The energy “duck curve” is a term used to describe the shape of a graph that represents the daily electricity demand and supply patterns. It typically consists of four main points:
- Baseload demand: This is the minimum level of electricity demand that occurs during periods of low activity, usually in the early morning or late at night. It represents the energy needed to power essential services and appliances that operate continuously.
- Morning ramp-up: As the day begins, electricity demand starts to rise as people wake up, businesses open, and industrial activities increase. This upward slope represents the increasing demand for electricity during the morning hours.
- Mid-day dip: This is a characteristic dip in the electricity demand curve that occurs during the middle of the day, typically around noon. It is caused by factors such as increased energy efficiency, the use of distributed generation (such as rooftop solar), and the reduced demand for electricity in commercial and industrial sectors during lunch breaks.
- Evening peak: As the day progresses, electricity demand starts to rise again, reaching its peak during the evening hours when people return home, residential activities increase, and appliances and lighting are heavily used. This is the highest point on the curve, representing the peak demand for electricity.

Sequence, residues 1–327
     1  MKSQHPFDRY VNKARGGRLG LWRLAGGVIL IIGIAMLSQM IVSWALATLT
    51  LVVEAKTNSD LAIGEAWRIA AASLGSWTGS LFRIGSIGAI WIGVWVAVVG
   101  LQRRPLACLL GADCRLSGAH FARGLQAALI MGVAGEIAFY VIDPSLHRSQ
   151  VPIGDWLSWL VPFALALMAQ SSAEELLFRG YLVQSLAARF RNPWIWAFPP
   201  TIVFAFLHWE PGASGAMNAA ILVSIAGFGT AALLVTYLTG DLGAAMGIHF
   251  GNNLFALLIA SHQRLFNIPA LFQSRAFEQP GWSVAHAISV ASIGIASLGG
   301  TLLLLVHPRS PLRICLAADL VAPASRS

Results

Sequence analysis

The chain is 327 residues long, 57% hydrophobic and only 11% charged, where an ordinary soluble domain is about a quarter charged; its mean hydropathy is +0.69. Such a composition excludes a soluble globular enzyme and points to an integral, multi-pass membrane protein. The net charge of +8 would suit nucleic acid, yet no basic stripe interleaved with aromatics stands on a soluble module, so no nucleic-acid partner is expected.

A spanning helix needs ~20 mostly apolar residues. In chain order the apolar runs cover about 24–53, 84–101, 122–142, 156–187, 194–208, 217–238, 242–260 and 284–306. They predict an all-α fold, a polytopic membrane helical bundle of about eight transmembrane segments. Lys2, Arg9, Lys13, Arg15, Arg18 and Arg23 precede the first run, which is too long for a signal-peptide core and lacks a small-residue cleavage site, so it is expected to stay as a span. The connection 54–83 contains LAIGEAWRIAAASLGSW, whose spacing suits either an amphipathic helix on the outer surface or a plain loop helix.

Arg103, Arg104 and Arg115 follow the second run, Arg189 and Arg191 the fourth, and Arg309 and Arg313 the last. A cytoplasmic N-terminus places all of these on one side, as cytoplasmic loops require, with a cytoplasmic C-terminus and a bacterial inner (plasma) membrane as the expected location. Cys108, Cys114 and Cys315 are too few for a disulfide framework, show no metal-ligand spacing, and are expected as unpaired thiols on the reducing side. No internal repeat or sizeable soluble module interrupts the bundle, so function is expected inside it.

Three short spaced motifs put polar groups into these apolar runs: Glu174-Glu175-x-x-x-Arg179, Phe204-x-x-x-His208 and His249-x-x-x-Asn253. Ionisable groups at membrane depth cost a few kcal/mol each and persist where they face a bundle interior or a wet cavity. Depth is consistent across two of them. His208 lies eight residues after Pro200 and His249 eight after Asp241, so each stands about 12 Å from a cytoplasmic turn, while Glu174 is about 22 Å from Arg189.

Regarding Ontario, it is possible to observe a variation of the duck curve pattern in the province’s electricity demand and supply. Factors such as increased adoption of renewable energy sources, particularly solar power, and energy conservation efforts can contribute to a mid-day dip in electricity demand. However, the shape and intensity of the curve would depend on various factors, including the specific energy mix, weather patterns, and consumer behavior in the region. It is important to note that while the duck curve can present challenges in managing grid stability and balancing electricity supply and demand, it also highlights opportunities for optimizing energy storage and demand response strategies to address the variations in daily energy demand patterns.
Implementing energy storage systems, such as battery energy storage or pumped hydro storage, can help in capturing excess energy generated during periods of low demand and releasing it during peak demand periods. These storage systems can provide a buffer to balance the fluctuations in energy supply and demand, reducing the reliance on traditional fossil fuel-based power plants during peak periods.